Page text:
collective harmony

As they flash, fireflies interact with one another through visual connections. They also interact with a complex environment, crowded with grass, bushes and trees, which restricts their vision and movement. The network of interactions, in conjonction with specific behavioral responses, can sometimes generate harmonious collective patterns.

The most spectacular example of such patterns is synchrony. Synchronous fireflies blink in concert on the same tempo, creating a collective beat of light. A few rare species have been proven to synchronize, but it is not clear how many are actually capable of it. Those who synchronize usually start in pairs and trios, and at sufficiently high density their rhythm will spread across the swarm.

But synchrony is not a monolith. It can exhibit different variations and modulations, just like musicians on the same tempo can still play a wide repertoire.


There are at least 3 different synchronous patterns produced by North American species. The easiest way to characterize a pattern is to record a movie of the collective display and simply count how many flashes appear in each frame. This outlines a temporal signal (time series) which translates a complex phenomenon into a simple motif.

snap synchrony

Snap synchrony denotes sharp and precise coordinated blinks, like a troupe snapping fingers. Flashes repeat continuously and periodically, typically every 0.5s to 1s, for hours. This is the pattern created by Photuris frontalis fireflies, which also happen to have been nicknamed "Snappies"! You can observe Snappies at several different spots across the Southeast US.

Snap synchrony in Photuris frontalis fireflies.
snap sync time series

breath synchrony

Breath synchrony is a variation from snap synchrony where the spikes widen, like a respiration. Individual flashes last longer and the group is less precise in the timing of their flashes, which creates a bit more of a curve in the pattern. But these spikes are also precisely periodic. Breath synchrony can be seen in Photinus concisus fireflies in Texas and Photuris tremulans in the Southeast.

Breath synchrony in Photinus concisus.
breath sync time series

burst synchrony

Burst synchrony is a more complex motif. It consists of broad spikes happening within periodic bursts of activity. Between the burst there is (almost) absolute darkness. Both the spikes and bursts are periodic. Burst synchrony has been observed in popular species Photinus carolinus which displays all around the Smoky Mountains and central Appalachians; and also in a distant cousin, Photinus knulli, which is currently found exclusively in Arizona, some 2000 miles away!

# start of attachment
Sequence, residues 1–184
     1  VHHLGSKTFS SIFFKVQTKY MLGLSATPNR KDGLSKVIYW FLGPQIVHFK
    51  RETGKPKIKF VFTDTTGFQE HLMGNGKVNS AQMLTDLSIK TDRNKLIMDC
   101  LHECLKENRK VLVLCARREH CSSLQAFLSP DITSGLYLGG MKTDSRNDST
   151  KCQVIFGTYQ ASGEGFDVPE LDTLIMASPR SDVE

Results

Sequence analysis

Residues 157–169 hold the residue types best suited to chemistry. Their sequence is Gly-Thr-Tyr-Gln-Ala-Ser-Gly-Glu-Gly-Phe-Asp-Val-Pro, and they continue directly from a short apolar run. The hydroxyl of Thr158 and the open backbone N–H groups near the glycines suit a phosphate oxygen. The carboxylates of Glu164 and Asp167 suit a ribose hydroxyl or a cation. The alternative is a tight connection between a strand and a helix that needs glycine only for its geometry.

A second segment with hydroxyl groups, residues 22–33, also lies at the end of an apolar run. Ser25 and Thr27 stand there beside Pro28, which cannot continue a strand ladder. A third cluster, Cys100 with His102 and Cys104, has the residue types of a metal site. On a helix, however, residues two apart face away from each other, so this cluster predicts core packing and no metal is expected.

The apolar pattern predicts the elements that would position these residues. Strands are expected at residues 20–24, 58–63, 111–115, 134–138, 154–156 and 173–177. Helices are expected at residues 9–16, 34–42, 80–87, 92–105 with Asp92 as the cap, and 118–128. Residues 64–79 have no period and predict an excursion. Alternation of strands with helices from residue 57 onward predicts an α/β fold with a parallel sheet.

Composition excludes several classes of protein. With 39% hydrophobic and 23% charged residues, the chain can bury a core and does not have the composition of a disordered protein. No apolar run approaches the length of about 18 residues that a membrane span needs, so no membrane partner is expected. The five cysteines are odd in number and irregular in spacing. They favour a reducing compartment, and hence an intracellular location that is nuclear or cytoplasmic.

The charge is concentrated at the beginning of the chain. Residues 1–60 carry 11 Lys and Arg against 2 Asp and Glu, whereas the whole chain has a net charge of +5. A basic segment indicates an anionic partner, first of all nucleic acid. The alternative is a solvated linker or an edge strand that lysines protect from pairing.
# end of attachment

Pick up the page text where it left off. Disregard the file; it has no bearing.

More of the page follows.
Burst synchrony in Photinus carolinus.
burst sync time series


What matters is not just when flashes occur, but also where. Indeed, a firefly blinks at a certain instant t in conjonction with a specific location (x,y,z) in three dimensional space. The spatial distribution of flash occurrences may form an interesting pattern in itself. Combined, space and time correlations offer a glimpse at how fireflies interact.

How does one evaluate the 3D position of a flash? Using stereoscopic video recordings. Just like with two eyes you achieve depth perception, with two cameras filming the same scene a computer can reconstruct the distances of the features. This is a process called triangulation.

By filming firefly swarms with two cameras, one can obtain the (x,y,z,t) coordinates of each flash. In synchronous displays, this technique has revealed some propagation mechanisms akin to a wave. The flash information nucleates in a small region of the swarm, and then propagates from there. This illuminates a network of visual connections, along which information is carried away in a relay-like manner.

Below is a very compelling manifestation of flash propagation in a synchronized swarm:

Flash propagation in Pteroptyx malaccae (Thailand).

Adapted from Synchronicity by Robin Meier & Andre Gwerder.
flash propagation

Symphony beyond synchrony

Synchrony is the most coordinated of collective patterns, but it may not be the only one that emerges from sporadic flashers in social interaction. In fact, it is an interesting puzzle to uncover other signatures of collective behavior that don't involve something as obvious as all flashes happening at the same time. The basis for this analysis relies on statistics and correlations to reveal motifs such as delayed responses and dialogues. This is currently a work in progress.

blue ghost